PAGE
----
A friend's rifle--yes he knows he needs to move the scope forward... :)

A friend’s rifle with a 20″ barrel–it does fit with some angling. And yes he knows he needs to move the scope forward… 🙂

What threw me off, and really what blinded me based on how it was shipped, was trying to use all of the components and trying to match the configuration as demonstrated in the video. Just because it shipped with all of the bits doesn’t mean that they are necessary for all configurations, and I, stupidly, was trying to make it work with everything that it came with. For example, it ships with two padded dividers; one full length along the long axis of the bag and one short one half the width of the short axis of the bag. Tyler even intimated to me that they had already figured out that the dividers were too tall (unfortunately after the initial production run).

To use these based on their sizing you get a half and two quarter sized areas

To use these based on their sizing you get a half and two quarter sized areas

This illustrates what I was saying about the original marketing materials not fully explaining (or emphasizing) the versatility, which I think is the true strength of these products.

One of the other issues they promoted was being able to put the Pistol Rug inside the Discreet Rifle Case (and this was my biggest pain point) and it looked easy in the video.  My first attempts were stymied. You can make it work if the Pistol Rug is not full and you are not fully loaded with eight rifle magazines. But the rifle case is fully lined with loop fastener. So instead of putting the Pistol Rug in it, you can just anchor a pistol in place with the holster and some mag pouches.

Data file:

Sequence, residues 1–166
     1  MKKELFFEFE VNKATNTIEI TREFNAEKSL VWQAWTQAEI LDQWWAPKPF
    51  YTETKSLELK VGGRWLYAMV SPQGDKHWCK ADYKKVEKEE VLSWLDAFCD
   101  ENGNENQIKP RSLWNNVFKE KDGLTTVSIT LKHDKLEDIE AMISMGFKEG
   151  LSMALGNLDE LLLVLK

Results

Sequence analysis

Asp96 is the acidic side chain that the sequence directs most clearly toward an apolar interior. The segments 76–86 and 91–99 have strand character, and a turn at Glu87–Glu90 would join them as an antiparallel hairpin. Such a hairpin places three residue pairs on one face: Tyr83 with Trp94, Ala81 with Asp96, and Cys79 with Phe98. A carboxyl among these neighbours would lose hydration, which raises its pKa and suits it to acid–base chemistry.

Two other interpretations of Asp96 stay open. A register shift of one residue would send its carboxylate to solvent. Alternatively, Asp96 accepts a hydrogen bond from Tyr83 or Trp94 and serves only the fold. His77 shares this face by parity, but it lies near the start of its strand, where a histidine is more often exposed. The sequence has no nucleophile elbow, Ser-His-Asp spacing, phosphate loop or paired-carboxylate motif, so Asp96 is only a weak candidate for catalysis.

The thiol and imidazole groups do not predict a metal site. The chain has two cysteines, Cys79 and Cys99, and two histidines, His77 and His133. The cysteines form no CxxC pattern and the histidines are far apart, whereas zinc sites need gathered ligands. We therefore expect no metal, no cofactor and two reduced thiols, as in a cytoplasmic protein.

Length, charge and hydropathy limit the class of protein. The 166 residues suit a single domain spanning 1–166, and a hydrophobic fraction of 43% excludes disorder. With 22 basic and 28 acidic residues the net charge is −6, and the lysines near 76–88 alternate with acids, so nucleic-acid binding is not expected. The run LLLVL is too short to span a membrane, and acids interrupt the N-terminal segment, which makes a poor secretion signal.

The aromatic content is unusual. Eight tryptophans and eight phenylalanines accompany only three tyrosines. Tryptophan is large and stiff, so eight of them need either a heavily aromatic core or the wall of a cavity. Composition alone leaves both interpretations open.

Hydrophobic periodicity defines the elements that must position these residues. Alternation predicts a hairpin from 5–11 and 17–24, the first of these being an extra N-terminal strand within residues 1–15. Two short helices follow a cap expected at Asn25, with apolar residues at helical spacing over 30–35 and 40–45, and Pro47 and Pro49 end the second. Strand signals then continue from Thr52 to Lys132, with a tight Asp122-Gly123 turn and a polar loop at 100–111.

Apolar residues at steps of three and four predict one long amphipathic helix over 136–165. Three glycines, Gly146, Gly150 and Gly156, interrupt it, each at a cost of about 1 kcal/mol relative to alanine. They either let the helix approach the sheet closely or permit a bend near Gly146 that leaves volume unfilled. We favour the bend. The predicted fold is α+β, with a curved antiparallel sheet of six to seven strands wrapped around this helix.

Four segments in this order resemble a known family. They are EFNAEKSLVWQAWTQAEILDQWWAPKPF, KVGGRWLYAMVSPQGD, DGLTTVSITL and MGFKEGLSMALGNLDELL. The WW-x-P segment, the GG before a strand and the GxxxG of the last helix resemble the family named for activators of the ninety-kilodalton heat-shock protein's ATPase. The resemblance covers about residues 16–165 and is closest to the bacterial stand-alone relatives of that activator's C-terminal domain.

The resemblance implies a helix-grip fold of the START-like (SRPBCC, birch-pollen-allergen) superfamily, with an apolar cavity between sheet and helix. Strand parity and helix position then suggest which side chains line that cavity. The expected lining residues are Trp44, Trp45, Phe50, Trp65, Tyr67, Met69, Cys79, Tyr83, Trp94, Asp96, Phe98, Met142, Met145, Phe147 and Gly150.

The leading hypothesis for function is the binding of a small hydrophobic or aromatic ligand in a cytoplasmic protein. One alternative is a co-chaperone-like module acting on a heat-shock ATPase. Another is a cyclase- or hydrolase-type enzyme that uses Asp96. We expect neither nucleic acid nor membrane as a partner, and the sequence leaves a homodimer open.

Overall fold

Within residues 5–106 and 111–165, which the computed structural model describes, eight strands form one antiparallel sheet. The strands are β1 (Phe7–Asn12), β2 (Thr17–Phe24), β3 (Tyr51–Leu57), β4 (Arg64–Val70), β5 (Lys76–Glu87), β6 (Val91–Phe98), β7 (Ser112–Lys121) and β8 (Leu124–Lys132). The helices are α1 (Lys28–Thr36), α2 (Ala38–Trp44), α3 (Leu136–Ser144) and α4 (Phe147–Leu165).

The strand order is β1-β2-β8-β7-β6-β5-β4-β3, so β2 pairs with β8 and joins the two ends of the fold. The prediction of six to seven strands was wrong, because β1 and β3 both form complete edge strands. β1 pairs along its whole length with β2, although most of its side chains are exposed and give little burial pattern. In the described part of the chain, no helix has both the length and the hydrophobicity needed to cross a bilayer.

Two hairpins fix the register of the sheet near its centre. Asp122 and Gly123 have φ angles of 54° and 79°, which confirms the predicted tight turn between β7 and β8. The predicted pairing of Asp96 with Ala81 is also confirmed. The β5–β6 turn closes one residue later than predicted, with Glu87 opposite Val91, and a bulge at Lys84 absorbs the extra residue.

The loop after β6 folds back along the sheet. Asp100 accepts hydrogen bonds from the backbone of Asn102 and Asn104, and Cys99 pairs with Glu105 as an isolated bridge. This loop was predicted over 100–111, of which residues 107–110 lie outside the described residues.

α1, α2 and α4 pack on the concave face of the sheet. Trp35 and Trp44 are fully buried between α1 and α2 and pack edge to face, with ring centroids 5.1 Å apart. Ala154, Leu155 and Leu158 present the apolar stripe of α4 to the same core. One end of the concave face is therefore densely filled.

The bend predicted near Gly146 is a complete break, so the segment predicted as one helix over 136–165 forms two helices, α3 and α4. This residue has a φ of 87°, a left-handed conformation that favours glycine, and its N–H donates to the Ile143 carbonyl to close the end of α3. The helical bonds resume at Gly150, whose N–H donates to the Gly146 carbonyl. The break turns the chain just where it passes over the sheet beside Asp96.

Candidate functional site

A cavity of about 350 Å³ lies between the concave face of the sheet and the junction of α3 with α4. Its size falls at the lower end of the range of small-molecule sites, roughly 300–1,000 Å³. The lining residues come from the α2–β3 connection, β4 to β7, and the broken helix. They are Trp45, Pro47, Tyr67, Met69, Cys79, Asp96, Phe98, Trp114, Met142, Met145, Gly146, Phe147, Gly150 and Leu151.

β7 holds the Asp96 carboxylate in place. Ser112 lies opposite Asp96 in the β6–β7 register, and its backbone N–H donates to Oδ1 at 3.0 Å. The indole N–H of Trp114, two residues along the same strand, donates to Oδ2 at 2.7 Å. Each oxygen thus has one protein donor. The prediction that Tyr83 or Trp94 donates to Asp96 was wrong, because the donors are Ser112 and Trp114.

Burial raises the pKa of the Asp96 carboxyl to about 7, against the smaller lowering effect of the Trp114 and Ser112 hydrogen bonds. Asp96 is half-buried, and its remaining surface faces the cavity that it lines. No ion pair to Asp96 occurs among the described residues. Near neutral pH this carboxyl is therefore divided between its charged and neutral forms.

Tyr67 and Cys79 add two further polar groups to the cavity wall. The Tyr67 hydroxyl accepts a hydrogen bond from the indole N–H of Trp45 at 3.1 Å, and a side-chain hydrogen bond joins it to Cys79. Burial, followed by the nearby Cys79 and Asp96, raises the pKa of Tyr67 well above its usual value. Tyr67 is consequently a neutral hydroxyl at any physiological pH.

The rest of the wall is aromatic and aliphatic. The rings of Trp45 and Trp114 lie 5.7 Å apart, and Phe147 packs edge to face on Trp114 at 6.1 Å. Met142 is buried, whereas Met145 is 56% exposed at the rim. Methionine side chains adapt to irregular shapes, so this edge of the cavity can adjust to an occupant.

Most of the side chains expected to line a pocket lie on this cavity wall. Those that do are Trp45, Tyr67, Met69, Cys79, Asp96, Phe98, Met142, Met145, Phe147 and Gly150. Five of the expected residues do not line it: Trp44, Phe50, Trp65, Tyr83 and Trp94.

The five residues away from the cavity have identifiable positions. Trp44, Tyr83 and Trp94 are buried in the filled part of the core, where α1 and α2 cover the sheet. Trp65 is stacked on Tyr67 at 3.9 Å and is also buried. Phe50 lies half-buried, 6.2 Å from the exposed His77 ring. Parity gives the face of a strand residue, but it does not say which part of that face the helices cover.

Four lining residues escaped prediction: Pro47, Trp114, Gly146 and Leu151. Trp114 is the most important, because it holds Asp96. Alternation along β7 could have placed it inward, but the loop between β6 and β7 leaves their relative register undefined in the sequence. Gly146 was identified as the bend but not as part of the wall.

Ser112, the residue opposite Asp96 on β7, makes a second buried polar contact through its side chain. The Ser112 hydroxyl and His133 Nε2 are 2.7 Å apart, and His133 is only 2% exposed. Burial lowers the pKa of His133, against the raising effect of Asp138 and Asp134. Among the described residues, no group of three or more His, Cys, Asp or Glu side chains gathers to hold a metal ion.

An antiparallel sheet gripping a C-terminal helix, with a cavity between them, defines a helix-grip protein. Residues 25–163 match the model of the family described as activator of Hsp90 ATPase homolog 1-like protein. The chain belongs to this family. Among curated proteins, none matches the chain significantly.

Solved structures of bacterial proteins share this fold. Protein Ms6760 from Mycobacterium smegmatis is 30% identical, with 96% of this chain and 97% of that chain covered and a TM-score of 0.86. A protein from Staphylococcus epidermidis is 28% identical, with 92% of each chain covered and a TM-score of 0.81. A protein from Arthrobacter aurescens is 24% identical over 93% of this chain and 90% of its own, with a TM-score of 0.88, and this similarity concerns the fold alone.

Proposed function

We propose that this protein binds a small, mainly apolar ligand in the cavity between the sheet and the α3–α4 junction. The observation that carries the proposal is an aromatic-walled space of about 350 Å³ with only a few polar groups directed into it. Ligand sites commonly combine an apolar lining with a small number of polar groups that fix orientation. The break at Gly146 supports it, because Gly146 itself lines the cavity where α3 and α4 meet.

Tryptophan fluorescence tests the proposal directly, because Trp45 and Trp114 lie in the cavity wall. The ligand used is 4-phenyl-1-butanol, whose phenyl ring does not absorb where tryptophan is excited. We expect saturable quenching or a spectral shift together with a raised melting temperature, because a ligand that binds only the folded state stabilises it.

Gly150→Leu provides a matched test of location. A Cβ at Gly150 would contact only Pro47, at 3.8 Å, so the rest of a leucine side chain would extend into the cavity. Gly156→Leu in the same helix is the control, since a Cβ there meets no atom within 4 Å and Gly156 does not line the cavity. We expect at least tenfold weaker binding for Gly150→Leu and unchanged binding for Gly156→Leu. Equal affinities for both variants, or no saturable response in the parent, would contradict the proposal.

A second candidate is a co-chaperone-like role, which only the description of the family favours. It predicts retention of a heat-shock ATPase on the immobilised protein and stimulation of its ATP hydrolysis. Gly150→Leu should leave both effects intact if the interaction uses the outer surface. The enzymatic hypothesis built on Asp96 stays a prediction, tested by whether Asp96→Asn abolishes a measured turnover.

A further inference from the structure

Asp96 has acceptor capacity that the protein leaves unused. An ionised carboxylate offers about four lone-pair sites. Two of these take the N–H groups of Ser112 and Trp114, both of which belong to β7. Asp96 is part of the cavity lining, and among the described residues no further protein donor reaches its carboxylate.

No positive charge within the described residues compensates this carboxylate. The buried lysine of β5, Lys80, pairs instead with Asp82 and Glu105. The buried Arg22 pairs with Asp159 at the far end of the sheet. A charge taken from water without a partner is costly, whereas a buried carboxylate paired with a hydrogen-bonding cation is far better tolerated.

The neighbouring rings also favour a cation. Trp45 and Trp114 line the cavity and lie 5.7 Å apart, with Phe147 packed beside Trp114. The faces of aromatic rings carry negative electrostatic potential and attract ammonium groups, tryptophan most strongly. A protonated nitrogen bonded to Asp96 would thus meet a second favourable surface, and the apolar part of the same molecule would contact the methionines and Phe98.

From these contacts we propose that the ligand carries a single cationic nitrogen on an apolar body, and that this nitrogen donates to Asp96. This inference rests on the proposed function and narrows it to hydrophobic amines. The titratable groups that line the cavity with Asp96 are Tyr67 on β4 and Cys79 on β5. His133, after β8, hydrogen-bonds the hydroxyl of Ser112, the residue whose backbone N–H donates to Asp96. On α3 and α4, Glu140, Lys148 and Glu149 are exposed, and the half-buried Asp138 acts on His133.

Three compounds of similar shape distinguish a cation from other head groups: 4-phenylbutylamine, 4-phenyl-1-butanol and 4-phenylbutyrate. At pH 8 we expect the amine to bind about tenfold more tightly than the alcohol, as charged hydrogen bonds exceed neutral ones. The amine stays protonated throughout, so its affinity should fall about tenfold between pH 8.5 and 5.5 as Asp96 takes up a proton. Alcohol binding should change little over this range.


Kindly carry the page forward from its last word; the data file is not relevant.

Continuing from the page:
Trying to make it work like in the promo video.

Trying to make it work like in the promo video.

No way it can close with a loaded Pistol Rug and full magazine compliment.

No way it can close with a loaded Pistol Rug and full magazine compliment.

Ultimately I think my biggest complaint with the Rifle Case is that I wish that it had come with a few more anchor straps. The straps it came with were 3 different sizes, and I felt that the small ones are too short (again, just is my opinion). It would have been nice if they were consistent sizes, or, again, if you had the ability to purchase them individually. I think as a “pre-set” configuration, it would have been better with 2-3 of their elastic straps, 3-4 pouches, and equal length anchor straps (that are about 2 inches longer on each tail). Kind of making it more like the Pistol Case.

What it initially came with.

What it initially came with.

After talking with Tyler, he explained that he had actually tried the case in it’s configuration with like twenty different rifles, and even then it only worked well with about fifteen of them. But again, the goal was to come up with an initial package that would fit the majority of configurations. And based on some of the feedback on the Facebook group where some of the discussion took place, it does work for a number of people.